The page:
State and local governments face a crisis when it comes to repairing or replacing substandard bridges. And, as we said in this space many times before, given these lean economic and budget times, government officials shouldn’t expect an influx of new tax revenues any time soon to deal with this problem.
Recently, the Associated Press analyzed federal data that found there are 65,605 structurally deficient bridges and 20,808 fracture critical bridges in the United States.
Some of those structurally deficient bridges can be found right here in our part of Tennessee.
As Press staff writer Gary B. Gray reported last Sunday, a recent inspection of 289 bridges revealed that 16 locally maintained bridges and three state-maintained bridges in Washington County are structurally deficient. “We have replaced about 100 bridges in the past 30 years,” Johnny Deakins, Washington County Highway Department superintendent, told Gray. “We don’t have any that are critical, but we do have some that are in poor condition.”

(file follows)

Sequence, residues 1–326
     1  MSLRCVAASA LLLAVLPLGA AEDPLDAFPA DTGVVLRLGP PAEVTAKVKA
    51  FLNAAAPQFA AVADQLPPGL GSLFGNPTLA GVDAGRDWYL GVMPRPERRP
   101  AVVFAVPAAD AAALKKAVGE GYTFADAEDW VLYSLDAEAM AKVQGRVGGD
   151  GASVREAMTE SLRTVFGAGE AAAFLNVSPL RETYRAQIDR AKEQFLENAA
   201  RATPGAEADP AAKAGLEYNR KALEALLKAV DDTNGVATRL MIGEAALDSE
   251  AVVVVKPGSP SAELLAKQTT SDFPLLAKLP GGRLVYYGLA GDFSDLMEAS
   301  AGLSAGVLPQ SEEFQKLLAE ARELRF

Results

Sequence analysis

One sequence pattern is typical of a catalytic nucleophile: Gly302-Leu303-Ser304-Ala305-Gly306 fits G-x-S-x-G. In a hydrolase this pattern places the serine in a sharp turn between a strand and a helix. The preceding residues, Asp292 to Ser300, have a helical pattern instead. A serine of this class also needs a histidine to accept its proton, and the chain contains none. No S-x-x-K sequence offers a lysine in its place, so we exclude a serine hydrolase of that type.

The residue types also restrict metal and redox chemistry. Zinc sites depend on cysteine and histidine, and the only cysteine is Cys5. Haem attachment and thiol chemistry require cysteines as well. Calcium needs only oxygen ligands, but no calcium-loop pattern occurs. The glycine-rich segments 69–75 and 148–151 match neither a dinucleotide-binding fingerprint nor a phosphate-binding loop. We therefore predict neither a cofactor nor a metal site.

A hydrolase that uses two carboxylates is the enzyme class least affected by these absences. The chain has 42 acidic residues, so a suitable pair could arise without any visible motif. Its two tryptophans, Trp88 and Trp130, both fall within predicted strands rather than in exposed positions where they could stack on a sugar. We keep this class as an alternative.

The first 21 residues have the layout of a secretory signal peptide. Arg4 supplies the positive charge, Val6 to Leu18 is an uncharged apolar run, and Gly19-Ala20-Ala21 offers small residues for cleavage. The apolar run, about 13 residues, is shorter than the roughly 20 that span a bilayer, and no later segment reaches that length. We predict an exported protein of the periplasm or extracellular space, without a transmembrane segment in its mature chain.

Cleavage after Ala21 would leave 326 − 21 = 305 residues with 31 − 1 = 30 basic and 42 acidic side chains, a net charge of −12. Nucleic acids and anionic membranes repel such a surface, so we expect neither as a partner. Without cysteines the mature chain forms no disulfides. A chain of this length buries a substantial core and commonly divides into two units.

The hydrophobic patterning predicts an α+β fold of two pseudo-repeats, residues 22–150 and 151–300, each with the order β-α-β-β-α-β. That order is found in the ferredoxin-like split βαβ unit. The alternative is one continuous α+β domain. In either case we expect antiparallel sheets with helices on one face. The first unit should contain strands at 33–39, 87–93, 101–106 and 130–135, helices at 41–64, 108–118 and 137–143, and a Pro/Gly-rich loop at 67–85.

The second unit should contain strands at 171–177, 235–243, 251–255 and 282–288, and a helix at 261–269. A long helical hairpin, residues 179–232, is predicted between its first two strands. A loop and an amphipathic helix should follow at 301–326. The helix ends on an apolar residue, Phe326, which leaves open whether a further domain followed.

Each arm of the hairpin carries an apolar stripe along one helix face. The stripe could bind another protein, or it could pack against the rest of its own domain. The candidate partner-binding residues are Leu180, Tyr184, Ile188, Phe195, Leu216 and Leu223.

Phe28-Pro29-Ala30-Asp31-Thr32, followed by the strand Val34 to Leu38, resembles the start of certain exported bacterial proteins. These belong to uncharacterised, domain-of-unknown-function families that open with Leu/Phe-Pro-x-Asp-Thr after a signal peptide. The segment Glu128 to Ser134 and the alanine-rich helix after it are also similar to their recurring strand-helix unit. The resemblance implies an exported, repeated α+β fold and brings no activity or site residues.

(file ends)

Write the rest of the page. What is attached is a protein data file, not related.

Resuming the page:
Just exactly what is a bridge in poor condition, and should drivers be worried about crossing one?
This crumbling infrastructure is a serious problem. Aging bridges pose a public safety hazard and are a real obstacle to the economic well-being of our communities.
It’s time for public officials to begin serious planning for the future. Elected leaders have to do a better job of deciding which bridge projects should go at the top of the list and how their repairs should be paid for. And, as we’ve noted before, politicians must do a better job of making the case for these infrastructure improvements to taxpayers who feel they are overburdened already.